Rubber Climbs, Paring Weekly Loss, as Yen Drops After Japan CPI

Rubber advanced after data showed Japan’s consumer prices declined for the sixth time in seven months, sending the yen to a 2-1/2 year low against the dollar and raising the appeal of yen-based contracts.

The contract for delivery in June gained as much as 1.3 percent to 311.4 yen a kilogram ($3,444 a metric ton) and was at 309.3 yen on the Tokyo Commodity Exchange at 10:25 a.m. Rubber has fallen 2.2 percent this week, the first drop in eight weeks.

Japan’s consumer prices fell 0.2 percent in December from a year earlier, the statistics bureau said in Tokyo today. The Bank of Japan may face increasing pressure to add more stimulus as it remains distant from Prime Minister Shinzo Abe’s goal of ending deflation.

“The data raised speculation the BOJ will take additional measures for the 2 percent inflation target, leading to a further decline in the yen,” Kazuhiko Saito, an analyst at broker Fujitomi Co. in Tokyo, said by phone today. “The yen’s downtrend will keep providing support to futures in Tokyo.”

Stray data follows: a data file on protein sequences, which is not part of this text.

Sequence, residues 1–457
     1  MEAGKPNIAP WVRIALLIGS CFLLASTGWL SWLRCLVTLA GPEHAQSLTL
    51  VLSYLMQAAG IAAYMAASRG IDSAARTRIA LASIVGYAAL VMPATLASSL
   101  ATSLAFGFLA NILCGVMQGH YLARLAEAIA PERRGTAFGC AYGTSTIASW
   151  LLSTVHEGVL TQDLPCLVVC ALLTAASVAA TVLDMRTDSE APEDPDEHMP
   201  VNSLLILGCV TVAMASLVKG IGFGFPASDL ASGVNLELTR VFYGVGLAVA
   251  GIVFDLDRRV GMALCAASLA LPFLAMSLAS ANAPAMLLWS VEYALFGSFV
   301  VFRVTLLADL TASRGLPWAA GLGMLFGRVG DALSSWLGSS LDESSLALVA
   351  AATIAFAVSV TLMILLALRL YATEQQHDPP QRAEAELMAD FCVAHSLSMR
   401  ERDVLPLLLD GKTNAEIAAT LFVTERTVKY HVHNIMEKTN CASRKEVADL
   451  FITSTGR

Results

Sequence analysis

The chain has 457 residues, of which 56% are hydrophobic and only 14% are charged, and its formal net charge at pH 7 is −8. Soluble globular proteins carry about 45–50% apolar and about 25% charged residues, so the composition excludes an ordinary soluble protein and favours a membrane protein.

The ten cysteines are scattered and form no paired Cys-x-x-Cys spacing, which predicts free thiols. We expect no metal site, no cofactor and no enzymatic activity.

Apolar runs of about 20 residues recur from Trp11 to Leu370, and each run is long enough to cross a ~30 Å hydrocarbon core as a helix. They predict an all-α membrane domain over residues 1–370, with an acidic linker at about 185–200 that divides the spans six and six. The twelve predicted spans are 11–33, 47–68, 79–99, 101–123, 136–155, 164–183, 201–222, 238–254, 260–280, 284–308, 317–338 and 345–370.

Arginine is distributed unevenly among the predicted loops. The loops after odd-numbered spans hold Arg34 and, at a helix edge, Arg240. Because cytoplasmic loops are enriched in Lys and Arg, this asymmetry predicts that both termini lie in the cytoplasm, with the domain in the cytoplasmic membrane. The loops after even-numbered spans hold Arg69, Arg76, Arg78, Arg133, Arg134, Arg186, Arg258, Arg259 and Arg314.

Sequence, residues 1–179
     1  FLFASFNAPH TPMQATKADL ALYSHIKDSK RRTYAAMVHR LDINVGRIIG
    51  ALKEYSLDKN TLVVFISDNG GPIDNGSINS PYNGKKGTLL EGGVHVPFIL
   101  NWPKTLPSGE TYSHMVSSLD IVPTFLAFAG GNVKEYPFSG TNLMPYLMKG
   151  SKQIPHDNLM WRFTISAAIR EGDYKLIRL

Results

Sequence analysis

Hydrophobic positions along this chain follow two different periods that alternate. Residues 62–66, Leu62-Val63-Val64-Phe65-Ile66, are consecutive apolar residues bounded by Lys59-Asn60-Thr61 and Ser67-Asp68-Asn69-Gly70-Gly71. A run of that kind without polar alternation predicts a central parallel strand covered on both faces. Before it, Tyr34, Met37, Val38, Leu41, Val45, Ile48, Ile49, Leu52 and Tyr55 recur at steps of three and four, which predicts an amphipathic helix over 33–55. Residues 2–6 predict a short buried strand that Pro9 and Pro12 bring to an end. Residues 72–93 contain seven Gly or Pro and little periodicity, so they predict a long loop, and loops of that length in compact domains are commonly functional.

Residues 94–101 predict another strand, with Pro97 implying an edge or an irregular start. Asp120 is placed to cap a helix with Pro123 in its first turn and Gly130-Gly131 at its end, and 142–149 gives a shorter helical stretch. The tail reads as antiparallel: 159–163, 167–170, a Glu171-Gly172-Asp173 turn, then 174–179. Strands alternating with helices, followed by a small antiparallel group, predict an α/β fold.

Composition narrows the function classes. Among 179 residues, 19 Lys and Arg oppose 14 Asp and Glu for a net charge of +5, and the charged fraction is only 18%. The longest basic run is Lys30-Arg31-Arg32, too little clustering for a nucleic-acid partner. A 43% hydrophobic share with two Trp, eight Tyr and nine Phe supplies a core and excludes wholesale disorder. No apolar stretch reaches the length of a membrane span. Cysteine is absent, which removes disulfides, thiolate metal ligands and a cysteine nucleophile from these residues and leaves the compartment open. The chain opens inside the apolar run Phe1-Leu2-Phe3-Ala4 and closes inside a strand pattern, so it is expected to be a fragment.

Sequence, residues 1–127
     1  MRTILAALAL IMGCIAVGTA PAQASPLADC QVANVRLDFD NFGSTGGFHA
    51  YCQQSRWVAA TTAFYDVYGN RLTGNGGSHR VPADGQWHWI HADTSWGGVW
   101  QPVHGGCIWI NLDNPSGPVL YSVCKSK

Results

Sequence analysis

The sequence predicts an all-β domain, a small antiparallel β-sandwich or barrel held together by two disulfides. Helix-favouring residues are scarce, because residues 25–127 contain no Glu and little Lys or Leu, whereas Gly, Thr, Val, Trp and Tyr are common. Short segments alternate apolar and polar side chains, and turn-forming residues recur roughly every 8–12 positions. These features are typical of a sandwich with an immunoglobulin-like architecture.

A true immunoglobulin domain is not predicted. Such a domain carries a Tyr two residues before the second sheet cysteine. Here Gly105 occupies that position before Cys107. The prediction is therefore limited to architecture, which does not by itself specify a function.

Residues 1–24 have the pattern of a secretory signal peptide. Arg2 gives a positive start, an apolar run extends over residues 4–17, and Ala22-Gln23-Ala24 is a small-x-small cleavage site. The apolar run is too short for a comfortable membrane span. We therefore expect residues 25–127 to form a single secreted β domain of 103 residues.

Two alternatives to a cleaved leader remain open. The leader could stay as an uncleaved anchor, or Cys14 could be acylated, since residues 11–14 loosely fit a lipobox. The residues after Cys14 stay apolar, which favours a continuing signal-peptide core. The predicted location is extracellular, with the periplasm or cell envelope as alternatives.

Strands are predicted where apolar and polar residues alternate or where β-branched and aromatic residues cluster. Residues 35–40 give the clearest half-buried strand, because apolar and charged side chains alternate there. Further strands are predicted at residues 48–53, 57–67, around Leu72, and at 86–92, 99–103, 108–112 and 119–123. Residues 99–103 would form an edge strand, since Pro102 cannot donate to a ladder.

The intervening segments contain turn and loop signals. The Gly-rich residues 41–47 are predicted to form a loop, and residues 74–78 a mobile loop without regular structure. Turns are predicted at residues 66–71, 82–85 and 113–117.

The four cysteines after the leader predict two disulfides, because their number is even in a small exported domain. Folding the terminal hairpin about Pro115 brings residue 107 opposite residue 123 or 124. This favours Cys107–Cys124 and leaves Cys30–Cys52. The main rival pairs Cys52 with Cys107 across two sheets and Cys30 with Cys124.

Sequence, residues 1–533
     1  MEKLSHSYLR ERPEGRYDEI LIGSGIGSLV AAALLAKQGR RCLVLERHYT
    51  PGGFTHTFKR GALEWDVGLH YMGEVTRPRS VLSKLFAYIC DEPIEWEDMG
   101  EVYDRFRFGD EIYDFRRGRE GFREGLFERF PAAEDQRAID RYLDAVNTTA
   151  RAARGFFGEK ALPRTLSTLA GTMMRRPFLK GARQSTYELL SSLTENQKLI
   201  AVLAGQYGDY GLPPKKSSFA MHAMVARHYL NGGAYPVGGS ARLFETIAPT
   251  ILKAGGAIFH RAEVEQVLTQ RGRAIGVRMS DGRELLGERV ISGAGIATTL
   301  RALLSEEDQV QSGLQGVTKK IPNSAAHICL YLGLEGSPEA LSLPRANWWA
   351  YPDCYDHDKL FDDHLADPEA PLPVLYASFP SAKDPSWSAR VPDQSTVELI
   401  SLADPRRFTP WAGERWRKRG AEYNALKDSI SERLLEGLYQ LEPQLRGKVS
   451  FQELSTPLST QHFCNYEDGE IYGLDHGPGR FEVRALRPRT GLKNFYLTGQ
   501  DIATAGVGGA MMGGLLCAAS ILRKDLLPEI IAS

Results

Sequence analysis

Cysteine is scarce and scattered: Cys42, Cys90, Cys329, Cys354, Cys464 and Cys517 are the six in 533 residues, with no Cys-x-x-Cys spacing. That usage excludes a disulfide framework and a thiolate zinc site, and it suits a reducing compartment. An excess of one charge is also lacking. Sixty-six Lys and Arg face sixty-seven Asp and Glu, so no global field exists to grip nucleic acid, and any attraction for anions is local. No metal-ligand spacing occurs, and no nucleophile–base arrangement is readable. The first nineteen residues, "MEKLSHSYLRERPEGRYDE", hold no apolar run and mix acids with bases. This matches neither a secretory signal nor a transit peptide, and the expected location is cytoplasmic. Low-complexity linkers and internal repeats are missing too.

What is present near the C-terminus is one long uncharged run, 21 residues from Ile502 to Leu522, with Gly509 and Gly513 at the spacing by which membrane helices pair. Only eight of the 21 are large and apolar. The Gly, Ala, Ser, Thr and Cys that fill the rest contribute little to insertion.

The yen slumped to 90.69 per dollar, the lowest level since June 2010. The dollar also gained after data showed U.S. jobless claims unexpectedly fell and an index of leading economic indicators increased, signaling the world’s largest economy continues to expand.

Rubber for delivery in May added 0.3 percent to 25,710 yuan ($4,133) a ton on the Shanghai Futures Exchange. Thai rubber free-on-board lost 1 percent to 97.55 baht ($3.27) a kilogram yesterday, according to the Rubber Research Institute of Thailand.

To contact the reporter on this story: Aya Takada in Tokyo at atakada2@bloomberg.net

To contact the editor responsible for this story: Brett Miller at bmiller30@bloomberg.net

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